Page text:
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Trouble In Tollywood: Telugu Producers Mull Halting Movie Shoots From August 1

Just when Telugu films were making waves by breaking one record after another, trouble seems to be brewing in Tollywood.

Telugu movies
Telugu movies IANS

Just when Telugu films were making waves by breaking one record after another, trouble seems to be brewing in Tollywood.

The Active Telugu Film Producers Guild (ATFPG) has decided to halt film shoots from August 1 till the industry is able to resolve issues such as star fees and cinema ticket prices.

The move has serious business implications because, as Elara Capital's Kamal Taurani notes, Telugu cinema brings 12-15 per cent to the national box office kitty and the two Telugu states -- Andhra Pradesh and Telangana -- contribute 3 per cent and 21 per cent, respectively, to the revenues of the major multiplexes, notably PVR and INOX.

Additionally, regional dubbed films, as established by the success of 'Pushpa', 'RRR' and 'KGF: Chapter 2', going forward, are expected to contribute 15-20 per cent of the Hindi film industry's box-office revenues. In the first quarter of FY 2022-23, they contributed up to 55 per cent of the Hindi industry earnings, according to Taurani.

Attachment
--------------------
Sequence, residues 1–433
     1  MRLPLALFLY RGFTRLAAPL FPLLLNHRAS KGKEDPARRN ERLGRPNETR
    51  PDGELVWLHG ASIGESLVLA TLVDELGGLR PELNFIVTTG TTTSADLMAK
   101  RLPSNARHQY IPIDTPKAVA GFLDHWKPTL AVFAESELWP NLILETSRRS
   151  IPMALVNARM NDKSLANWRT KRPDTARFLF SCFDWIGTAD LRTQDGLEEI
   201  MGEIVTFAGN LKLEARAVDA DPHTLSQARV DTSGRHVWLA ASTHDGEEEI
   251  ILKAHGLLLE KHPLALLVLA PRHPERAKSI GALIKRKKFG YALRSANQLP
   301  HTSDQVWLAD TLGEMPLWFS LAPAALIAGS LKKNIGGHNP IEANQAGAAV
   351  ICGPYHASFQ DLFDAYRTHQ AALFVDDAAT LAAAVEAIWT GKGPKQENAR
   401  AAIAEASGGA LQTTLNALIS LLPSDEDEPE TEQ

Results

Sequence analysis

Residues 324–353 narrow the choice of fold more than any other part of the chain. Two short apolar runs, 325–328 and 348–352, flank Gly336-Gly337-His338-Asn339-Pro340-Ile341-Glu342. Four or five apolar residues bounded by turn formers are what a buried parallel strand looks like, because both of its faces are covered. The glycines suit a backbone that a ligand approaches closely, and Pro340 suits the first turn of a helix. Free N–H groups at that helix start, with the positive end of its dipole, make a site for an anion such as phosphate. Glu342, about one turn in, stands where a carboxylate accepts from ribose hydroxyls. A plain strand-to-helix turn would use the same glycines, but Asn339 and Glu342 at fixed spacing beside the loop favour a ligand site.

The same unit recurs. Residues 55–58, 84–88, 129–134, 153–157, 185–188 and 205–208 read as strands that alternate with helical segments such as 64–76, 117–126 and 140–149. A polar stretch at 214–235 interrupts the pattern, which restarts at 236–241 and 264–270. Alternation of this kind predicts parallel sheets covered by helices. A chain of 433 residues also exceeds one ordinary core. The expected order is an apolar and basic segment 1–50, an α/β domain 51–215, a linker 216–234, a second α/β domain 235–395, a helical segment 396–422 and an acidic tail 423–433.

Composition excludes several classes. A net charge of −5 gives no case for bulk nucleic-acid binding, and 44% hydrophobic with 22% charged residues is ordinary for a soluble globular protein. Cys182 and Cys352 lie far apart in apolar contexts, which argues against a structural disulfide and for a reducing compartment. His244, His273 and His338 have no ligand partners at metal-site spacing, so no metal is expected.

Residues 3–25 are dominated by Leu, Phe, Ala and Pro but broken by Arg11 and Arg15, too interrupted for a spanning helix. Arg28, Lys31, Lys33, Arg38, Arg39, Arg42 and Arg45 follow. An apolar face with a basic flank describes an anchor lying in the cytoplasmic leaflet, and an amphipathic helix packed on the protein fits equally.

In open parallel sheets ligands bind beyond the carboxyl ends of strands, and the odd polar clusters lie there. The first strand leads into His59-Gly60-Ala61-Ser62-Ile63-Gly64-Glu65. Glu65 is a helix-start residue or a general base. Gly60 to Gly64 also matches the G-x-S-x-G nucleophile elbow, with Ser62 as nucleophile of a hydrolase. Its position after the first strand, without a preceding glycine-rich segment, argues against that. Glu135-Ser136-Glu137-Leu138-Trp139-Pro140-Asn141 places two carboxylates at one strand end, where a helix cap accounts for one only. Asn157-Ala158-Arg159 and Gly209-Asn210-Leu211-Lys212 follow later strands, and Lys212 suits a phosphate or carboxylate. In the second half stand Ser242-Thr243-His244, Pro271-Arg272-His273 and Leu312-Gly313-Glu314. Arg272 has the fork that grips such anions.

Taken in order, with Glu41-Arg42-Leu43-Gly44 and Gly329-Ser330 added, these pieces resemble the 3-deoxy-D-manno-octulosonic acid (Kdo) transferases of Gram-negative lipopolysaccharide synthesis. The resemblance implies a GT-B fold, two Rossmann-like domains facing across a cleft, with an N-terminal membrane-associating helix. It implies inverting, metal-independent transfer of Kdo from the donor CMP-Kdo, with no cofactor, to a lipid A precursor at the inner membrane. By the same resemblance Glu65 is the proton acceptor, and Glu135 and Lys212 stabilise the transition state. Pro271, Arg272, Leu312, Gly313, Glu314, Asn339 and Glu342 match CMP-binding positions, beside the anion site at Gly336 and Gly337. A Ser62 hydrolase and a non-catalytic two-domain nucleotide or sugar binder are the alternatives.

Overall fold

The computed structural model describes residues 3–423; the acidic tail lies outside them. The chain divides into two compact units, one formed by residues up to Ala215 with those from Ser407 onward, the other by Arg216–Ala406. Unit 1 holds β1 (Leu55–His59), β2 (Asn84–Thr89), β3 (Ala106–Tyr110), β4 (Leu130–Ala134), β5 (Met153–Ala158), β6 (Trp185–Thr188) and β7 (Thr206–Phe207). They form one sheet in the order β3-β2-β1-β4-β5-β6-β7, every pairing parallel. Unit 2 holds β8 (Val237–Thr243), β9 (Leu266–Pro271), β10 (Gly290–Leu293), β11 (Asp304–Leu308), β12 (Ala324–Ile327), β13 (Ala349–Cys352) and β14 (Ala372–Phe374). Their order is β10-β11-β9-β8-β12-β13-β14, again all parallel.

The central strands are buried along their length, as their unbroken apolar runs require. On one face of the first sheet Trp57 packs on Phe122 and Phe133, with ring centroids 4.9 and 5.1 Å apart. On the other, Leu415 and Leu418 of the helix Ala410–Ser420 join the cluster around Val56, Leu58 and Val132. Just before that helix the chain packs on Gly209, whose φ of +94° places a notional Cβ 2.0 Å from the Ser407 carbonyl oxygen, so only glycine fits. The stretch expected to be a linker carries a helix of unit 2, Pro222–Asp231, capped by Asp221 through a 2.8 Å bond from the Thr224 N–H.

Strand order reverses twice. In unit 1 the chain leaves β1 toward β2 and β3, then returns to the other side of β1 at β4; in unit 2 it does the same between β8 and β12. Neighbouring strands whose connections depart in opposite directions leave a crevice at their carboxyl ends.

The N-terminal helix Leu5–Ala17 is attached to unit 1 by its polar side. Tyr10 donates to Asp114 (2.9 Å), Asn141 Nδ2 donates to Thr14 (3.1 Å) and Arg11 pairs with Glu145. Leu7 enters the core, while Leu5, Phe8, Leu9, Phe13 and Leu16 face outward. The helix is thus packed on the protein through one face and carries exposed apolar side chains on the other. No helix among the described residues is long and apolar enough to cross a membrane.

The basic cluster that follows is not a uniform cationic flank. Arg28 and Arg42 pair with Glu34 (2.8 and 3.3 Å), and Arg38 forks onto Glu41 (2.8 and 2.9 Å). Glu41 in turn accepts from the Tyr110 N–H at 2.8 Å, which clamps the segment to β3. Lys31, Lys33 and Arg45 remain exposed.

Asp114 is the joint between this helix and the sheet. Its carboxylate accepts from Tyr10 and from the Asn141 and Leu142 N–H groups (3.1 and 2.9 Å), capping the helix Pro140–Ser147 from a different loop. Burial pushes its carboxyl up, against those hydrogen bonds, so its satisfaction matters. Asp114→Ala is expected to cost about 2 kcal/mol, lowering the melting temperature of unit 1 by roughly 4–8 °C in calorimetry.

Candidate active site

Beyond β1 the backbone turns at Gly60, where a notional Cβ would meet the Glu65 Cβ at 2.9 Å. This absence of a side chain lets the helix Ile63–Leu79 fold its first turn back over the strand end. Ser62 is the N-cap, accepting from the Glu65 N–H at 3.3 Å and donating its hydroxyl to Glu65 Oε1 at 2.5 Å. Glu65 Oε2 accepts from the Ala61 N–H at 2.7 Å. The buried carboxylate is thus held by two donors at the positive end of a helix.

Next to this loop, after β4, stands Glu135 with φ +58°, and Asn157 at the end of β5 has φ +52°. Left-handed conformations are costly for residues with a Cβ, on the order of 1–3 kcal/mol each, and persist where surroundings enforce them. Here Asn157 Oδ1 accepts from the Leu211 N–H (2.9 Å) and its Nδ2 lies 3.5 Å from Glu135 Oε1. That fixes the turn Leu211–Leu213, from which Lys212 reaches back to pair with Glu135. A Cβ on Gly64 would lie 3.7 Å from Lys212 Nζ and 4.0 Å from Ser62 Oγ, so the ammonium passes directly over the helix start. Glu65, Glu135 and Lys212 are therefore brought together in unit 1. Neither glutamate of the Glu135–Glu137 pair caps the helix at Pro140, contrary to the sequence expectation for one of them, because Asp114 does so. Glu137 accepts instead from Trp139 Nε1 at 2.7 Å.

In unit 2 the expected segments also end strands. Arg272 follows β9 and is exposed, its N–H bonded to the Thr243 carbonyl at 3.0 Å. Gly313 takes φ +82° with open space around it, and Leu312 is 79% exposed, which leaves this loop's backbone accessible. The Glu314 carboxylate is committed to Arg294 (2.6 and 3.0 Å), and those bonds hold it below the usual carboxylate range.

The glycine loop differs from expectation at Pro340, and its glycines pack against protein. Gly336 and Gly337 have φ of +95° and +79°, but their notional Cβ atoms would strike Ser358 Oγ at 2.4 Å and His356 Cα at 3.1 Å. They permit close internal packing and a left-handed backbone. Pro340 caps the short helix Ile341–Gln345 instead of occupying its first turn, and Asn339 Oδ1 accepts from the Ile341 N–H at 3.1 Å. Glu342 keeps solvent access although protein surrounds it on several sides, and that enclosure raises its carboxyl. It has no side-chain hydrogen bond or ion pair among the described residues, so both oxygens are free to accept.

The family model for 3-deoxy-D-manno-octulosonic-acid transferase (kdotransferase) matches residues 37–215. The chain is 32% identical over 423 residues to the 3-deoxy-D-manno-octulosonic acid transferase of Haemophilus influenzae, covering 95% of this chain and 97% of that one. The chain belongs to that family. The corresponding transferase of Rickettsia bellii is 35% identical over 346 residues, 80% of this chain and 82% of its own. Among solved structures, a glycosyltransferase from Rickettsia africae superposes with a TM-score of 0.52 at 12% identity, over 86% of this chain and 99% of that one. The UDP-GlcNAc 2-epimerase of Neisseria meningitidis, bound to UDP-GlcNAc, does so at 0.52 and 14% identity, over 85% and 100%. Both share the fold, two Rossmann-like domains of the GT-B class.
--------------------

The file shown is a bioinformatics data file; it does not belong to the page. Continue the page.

The Producers Guild statement announcing the strike said: "Post-pandemic, with the changing revenue situation and increasing costs, it has become important for producers to discuss the issues we are facing as a community of filmmakers."

The statement added: "It is our responsibility to better our ecosystem and ensure that we are releasing our films in a healthy environment. In this regard, all producer members of the Guild have voluntarily decided to withhold shootings from August 1, 2022, and to sit in discussions until we find a workable resolution."

The producers say their business has been affected for three reasons:

1. The fees of the stars are too high to ensure a decent return on investment;

2. The reduced four-week window between the theatrical and OTT releases of films is not practical -- it would be conducive to trade if big-budget films continue to have an eight-week window and the ones with small to medium budgets could opt for four weeks;

3. Cinema ticket prices -- this is a problem unique to the Telugu-speaking states -- cannot be economically unviable; instead, these too could be organised into three slabs for small-, medium- and big-budget films.

The strike, according to the Guild, will continue as long as these issues remain unresolved.

[With Inputs From IANS]

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